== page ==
Can You Be Buried in Your Own Backyard?

The tradition of laying loved ones to rest in a personal, sacred space at home is regaining popularity.

This practice offers a deeply personal, eco-friendly alternative to the conventional funeral service, aligning with the growing green movement.

The question, “Can you or a loved one be buried in your own backyard?” invites us into a discussion filled with legal, emotional, and practical considerations.

Legal Landscape of Home Burials

  • Legality Across States: Across the United States, the legality of home burials varies. While most states allow burials on private property, California, Indiana, Washington, and the District of Columbia impose strict restrictions or outright bans. For instance, California’s strict laws could result in hefty fines for unauthorized home burials.

  • Local Zoning and Regulations: The legal allowance at the state level doesn’t automatically grant permission for a backyard burial. Local zoning laws may introduce additional requirements, such as specific distances from water sources, buildings, and property lines, which could make home burials challenging in more densely populated areas.

  • Historical and Cultural Context: Before the establishment of funeral homes in the mid-1800s, American families frequently buried their deceased on family land. This custom has diminished over time as professional funeral services became the standard. Today, as we seek more sustainable and meaningful end-of-life options, the tradition of home burials is experiencing a revival.

Planning and Preparing for Home Burial

  • Role of Next of Kin: The next of kin plays a crucial role in arranging home burials, assuming responsibility for the deceased’s body. This includes organizing ceremonies and managing the burial without necessarily involving professional funeral services.

  • Preparation Steps: Considering a home burial necessitates a careful review of state and local laws to ensure compliance. Open discussions with family members are essential to garner support and consensus for the burial plans.

  • Funeral Director Involvement: In some states, the law mandates involvement of a funeral director for certain tasks, such as filing the death certificate or transporting the body. However, many jurisdictions allow families to manage these responsibilities independently.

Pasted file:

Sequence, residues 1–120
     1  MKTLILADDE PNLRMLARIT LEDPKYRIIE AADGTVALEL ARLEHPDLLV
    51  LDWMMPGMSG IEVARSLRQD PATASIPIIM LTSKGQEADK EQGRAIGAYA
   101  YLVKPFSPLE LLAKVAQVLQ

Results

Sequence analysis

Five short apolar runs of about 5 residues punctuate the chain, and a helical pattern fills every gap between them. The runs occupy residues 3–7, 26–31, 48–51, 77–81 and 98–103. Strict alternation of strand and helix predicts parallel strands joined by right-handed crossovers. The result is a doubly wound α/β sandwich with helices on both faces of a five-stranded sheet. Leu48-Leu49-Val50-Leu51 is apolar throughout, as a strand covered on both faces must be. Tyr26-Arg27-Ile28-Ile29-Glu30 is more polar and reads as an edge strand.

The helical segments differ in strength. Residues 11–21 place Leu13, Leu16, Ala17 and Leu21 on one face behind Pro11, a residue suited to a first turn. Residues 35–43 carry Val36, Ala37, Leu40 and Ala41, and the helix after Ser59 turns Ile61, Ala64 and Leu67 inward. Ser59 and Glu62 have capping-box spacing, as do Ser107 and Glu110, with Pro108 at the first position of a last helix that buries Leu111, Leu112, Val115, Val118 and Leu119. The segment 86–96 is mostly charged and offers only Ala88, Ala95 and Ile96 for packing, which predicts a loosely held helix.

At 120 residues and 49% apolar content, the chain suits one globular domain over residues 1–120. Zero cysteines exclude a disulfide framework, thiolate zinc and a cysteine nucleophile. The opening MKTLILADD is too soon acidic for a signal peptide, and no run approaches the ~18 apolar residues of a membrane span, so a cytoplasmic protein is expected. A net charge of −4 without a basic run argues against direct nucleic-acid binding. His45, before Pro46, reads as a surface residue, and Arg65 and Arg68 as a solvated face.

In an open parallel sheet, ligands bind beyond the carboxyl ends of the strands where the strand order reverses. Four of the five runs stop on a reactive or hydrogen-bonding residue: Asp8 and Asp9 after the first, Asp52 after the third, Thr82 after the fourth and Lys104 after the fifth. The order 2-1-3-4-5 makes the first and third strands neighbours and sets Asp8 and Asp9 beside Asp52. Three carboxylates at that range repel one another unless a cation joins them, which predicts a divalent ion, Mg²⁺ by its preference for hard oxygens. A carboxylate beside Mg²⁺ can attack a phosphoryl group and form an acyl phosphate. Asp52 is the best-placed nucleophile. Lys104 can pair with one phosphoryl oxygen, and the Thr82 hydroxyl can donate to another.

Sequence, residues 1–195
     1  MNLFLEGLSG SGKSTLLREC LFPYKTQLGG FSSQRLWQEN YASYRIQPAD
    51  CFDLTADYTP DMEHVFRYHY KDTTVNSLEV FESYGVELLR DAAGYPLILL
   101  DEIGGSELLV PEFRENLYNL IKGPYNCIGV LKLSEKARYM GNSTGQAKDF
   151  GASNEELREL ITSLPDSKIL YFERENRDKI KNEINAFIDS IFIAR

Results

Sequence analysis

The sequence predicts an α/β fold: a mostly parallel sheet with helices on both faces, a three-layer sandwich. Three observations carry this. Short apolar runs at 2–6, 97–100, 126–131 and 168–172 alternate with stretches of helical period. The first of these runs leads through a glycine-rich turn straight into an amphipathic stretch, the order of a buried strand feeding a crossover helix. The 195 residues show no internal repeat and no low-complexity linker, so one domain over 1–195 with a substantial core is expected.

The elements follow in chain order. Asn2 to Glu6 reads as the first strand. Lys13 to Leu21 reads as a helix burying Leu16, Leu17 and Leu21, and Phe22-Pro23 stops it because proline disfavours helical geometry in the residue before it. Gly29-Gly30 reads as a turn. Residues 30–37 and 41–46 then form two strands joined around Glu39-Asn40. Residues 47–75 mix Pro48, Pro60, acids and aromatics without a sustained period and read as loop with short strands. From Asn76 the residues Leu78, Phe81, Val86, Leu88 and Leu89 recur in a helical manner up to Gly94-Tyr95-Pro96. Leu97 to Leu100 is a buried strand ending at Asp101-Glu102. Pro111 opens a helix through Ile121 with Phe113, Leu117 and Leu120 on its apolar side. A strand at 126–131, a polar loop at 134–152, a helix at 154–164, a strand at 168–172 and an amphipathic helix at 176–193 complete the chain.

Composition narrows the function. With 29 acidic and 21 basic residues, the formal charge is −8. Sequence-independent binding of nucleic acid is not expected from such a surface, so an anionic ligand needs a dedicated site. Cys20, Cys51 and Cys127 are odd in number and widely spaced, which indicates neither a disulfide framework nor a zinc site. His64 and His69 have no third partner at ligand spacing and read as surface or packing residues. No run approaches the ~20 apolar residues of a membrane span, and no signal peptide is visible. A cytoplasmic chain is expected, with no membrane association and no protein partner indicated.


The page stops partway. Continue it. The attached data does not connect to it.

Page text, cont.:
Practical Considerations for Home Burials

  • Selecting a Burial Site: Choosing a suitable burial site on your property requires thoughtful consideration of environmental and zoning restrictions to ensure the site’s permanence and respectability.

  • Grave Digging and Site Preparation: Preparing a grave involves more than just digging; it requires understanding the proper depth to prevent disturbances and ensuring the site’s stability and respectability over time.

  • Casket Considerations: While traditional caskets are an option, many families now consider eco-friendly alternatives, such as biodegradable caskets or shrouds, reflecting the deceased’s and the family’s environmental values.

  • Memorials and Maintenance: Creating a memorial at the burial site serves as a lasting tribute to the deceased. Regular maintenance ensures the site remains a dignified and beautiful space for reflection and remembrance.

  • Eco-Friendly and Ethical Considerations: The shift towards green burials emphasizes minimal environmental impact, avoiding embalming chemicals and non-biodegradable burial containers, thereby fostering a natural return to the earth.

Legal Documentation and Future Implications

  • Mandatory Easement Creation: Establishing a burial site on private property effectively creates a cemetery, necessitating legal documentation, such as easements, to ensure future access to the gravesite.

  • Property Value and Sale: The presence of a burial site can influence property value and sale prospects. Potential sellers must consider these factors and disclose the site’s existence to prospective buyers.


Home burials present a meaningful alternative to traditional funeral services, allowing families to honor their loved ones in a personal, sustainable manner. 

While navigating the legal and practical aspects requires diligence, the result can be a deeply fulfilling and eco-conscious tribute.

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